Each piece of Wi-Fi gear possesses a unique identifier called the "physical address" or "MAC address." Access points and routers keep track of the MAC addresses of all devices that connect to them. Many such products offer the owner an option to key in the MAC addresses of their home equipment that restricts the network to only allow connections from those devices. Do this, but also know that the feature is not so powerful as it may seem. Hacker software programs can fake MAC addresses easily.
7) Turn Off the Network During Extended Periods of Non-Use
The ultimate in security measures for any wireless network is to shut down, or turn office your wireless access point when you are not using. You are the most vulnerable at work or asleep, and mischief minded people know it.
8) Position the Router or Access Point Safely
Wi-Fi signals normally reach to the exterior of a home. A small amount of "leakage" outdoors is not a problem, but the further this signal reaches, the easier it is for others to detect and exploit. Wi-Fi signals often reach across streets and through neighboring homes. When installing a wireless home network, the position of the access point or router determines it's reach. Try to position these devices near the center of the home rather than near windows to minimize this leakage.

5 Ways you lose facebook password

i Since the launch of facebook some years back it has now become one of the leading social network in the world and it is estimated 1 of 14 people in the world are in facebook however we must to take into account that   some of the users of facebook are not genuine users and therefore we must be carefully when using this social network. There are a number o f people including my friends and I have lost facebook passwords. This means someone could have had them or changed them. I have been able to recovery my password and I change it very regally for fear of loosing it once more.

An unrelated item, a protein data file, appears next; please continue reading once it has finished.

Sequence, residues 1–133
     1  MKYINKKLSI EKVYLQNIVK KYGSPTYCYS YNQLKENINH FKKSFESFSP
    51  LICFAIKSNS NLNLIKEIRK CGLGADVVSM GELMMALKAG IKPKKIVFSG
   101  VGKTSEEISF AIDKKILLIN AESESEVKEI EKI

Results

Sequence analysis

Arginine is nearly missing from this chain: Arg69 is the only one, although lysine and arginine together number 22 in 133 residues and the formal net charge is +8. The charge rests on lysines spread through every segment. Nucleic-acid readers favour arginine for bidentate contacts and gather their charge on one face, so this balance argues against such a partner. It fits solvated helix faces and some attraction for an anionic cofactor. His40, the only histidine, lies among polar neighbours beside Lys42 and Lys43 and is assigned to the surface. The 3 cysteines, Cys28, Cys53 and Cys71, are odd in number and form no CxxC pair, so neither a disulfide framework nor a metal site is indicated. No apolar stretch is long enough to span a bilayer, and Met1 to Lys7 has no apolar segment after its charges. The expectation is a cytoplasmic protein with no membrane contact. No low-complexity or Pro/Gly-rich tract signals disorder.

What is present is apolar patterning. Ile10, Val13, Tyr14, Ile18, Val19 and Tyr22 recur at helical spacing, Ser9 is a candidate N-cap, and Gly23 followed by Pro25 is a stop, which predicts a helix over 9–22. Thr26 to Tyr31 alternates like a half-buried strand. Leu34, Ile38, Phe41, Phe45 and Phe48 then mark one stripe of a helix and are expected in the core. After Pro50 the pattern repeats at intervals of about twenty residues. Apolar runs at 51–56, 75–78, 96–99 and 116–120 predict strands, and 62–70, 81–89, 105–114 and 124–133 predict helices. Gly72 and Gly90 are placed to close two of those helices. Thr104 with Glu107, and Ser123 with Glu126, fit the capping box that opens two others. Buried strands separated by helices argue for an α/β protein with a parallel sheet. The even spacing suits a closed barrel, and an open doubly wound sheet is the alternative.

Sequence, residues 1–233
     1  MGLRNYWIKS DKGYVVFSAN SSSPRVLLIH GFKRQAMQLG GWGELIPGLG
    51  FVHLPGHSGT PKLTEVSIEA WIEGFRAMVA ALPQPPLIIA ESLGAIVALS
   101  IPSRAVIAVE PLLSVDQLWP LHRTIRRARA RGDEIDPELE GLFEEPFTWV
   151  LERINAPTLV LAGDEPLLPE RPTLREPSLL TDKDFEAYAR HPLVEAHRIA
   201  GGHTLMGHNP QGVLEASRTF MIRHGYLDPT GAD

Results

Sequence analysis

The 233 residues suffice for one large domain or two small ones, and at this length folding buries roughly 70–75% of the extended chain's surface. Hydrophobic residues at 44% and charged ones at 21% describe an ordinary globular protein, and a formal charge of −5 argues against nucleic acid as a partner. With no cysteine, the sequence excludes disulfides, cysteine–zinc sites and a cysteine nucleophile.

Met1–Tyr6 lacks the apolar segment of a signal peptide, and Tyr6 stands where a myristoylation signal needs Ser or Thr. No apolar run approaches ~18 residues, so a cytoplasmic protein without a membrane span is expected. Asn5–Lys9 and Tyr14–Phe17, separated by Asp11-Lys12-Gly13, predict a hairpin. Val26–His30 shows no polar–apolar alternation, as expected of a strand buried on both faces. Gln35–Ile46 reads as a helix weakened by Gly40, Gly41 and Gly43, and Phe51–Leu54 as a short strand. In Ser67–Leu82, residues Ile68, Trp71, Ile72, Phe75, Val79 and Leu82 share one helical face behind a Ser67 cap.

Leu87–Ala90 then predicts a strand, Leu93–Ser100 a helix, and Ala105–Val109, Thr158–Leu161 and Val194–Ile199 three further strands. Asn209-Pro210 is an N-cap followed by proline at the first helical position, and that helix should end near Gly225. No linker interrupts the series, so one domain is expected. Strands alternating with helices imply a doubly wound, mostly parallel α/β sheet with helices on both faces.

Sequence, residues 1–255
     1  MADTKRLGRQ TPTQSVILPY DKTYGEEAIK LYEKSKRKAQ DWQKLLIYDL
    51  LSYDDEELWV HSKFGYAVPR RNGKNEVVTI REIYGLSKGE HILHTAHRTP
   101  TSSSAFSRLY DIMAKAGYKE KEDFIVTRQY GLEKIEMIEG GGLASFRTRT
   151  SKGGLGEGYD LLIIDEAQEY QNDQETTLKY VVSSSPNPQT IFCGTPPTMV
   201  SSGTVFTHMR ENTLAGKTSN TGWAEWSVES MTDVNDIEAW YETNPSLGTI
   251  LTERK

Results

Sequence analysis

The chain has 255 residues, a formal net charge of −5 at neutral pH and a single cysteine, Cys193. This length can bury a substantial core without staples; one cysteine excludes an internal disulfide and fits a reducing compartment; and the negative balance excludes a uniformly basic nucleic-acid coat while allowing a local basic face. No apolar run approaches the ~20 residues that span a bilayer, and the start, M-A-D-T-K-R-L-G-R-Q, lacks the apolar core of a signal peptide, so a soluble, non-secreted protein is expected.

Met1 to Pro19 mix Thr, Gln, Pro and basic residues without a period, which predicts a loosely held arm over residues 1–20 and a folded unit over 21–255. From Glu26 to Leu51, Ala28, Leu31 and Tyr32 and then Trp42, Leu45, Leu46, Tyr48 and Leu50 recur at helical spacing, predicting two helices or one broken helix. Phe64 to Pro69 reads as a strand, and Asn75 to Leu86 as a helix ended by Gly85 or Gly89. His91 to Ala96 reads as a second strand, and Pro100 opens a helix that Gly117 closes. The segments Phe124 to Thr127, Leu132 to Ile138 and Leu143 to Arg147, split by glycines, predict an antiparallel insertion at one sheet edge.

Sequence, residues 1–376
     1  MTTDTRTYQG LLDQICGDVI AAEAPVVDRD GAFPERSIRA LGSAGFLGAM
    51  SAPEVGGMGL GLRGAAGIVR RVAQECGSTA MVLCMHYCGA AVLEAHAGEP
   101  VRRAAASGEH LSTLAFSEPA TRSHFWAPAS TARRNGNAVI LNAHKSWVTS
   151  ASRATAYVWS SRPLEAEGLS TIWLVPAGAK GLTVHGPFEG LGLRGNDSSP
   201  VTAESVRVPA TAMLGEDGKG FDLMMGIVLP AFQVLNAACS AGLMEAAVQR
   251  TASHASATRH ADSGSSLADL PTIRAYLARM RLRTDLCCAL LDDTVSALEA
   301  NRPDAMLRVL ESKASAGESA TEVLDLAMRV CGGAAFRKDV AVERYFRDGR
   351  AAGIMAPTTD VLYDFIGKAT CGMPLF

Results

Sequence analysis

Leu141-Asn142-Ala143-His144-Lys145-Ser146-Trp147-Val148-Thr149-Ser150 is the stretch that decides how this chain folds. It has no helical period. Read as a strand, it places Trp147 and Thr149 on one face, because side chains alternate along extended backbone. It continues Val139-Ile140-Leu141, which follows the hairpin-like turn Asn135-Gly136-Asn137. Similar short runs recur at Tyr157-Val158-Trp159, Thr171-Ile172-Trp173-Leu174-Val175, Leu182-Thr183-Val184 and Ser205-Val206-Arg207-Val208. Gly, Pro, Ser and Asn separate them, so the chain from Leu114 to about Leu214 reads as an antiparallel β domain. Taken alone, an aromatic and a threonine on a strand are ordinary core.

Below are five ways you and I might loose password this Include:

 Facebook applications and adverts 
In facebook there are many applications that you can receive from friends or the adverts that you see on the left side of the page when you log in to your account. You must be very careful when allowing these applications to take your account information. First you must know that there are from people whom you know very well otherwise you might you might lose your account password.